Friday, April 18, 2008

On Poetry

Did anybody ever tell you that I dislike poetry?

I do. I hate it with all my heart. Because people turn to words, to satire, to reams of inutile academic discourse when they cannot act. Poetry, dear friends, is yet another manifestation of this kind of impotence: the writer feels so strongly about something that he cannot act, except to commit something to verse.

Maybe he gets lucky. Maybe the poem affects people who feel the same way but cannot articulate their feelings. Maybe the song becomes a hit and the writer becomes another Morrissey. Or maybe the writing is so potent that it helps kick-start the Civil Rights Movement. More often than not, the writer cannot taste any success beyond the personal "Hey, I got something written!"

Unfortunately, "Hey I got something written!" cannot by itself get you fed, clothed, housed, and (especially) laid. Your needs still drive you, and if you're as much a poet as I am, your automatic response is to write reams upon reams of (say it with me) useless poetry. I could have spent that writing time by actually getting me fed, clothed, housed and, yes, laid (Getting a better paying day job is often a step in that direction).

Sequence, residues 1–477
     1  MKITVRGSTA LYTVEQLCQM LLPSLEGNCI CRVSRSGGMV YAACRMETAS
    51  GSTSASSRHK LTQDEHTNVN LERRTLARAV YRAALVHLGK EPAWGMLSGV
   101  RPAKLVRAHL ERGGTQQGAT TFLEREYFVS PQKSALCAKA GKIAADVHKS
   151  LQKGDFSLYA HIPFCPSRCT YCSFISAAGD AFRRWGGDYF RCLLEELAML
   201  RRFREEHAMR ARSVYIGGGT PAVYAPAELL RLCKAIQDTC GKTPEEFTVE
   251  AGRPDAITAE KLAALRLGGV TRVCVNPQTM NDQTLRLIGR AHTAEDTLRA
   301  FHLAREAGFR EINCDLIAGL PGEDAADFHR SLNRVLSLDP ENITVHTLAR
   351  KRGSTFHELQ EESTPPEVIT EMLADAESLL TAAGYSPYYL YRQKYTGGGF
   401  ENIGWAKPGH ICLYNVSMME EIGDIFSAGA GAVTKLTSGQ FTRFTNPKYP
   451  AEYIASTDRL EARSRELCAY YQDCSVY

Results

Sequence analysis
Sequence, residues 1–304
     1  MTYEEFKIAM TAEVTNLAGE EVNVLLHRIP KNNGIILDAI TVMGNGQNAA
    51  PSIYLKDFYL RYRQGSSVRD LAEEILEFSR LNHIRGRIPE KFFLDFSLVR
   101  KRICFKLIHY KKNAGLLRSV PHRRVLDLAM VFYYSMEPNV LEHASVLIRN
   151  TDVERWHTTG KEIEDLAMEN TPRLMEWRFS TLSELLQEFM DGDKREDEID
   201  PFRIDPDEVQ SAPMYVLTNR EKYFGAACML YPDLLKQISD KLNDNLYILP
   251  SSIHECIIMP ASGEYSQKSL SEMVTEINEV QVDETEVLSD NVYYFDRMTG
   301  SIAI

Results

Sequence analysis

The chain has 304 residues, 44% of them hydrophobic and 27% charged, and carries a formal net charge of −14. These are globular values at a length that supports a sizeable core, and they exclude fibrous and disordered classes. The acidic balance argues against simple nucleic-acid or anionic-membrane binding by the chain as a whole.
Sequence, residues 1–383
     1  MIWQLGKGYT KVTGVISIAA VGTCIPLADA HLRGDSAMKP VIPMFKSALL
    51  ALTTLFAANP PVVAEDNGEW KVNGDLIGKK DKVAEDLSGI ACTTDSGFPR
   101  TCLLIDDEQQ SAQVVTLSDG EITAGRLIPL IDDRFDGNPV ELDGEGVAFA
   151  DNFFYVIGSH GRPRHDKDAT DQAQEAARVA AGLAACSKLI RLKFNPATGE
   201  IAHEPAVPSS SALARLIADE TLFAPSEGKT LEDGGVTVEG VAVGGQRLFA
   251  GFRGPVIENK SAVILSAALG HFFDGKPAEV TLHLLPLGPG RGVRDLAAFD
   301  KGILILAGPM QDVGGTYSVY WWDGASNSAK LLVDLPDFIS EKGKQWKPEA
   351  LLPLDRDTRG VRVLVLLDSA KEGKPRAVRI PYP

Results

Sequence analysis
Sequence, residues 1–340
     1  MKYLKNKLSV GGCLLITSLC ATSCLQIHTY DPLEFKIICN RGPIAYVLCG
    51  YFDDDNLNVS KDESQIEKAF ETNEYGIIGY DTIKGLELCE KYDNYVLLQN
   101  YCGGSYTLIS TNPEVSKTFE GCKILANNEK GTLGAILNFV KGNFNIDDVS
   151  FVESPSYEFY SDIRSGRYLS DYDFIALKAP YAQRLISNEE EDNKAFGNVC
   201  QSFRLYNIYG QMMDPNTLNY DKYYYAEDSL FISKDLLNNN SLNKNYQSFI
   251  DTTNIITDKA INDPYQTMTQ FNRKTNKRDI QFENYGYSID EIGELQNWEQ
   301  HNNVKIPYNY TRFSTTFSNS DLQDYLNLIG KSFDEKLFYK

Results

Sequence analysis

The awful truth is that nobody really reads, much less appreciates, poetry. Okay, some people do, but often, they're neither numerous nor rich enough to matter. The perception is that poetry is either--

  1. nothing special as any five-year-old can break a long coherent sentence into lines and call it poetry or
  2. it's so specialized that most people who have "jobs" and "real social lives" cannot relate to it.

Besides, it does not make us better people. Bin Laden is a poet. So was Hitler. A sensitive thug with literary leanings is still a thug, albeit a more sophisticated one. If you ask my ex, being a poet only makes people think of you as a smooth-talking snake oil salesman. Or a smooth-talking snake oil peddling thug.

(So before you run off with someone because he is an artiste do try to remember that the insensitive clod who's forgotten how to say "I love you" probably got that way acting --and not writing poetry-- to meet the needs of your belly and those of your kids.)

The point is, poetry sucks. When it isn't trumpeting your triumph to the world after the fact, poetry's like opium. It keeps you distracted writing when you could be taking action instead. When there is a venue for action, when one is empowered to realize his desires, there is much less poetry. I fear that there are quite a few of us who are lock-stepped into being nothing more than poets, forever writing about actions we will likely never take.

Still it's a beautiful activity, and one of the reasons why I write is that I am plugged into a higher power when I write my best poems, even when these are the most useless kind-- the interminable whining about aborted romantic liaisons.

The price I pay for loving poetry is that I hate it with a passion.

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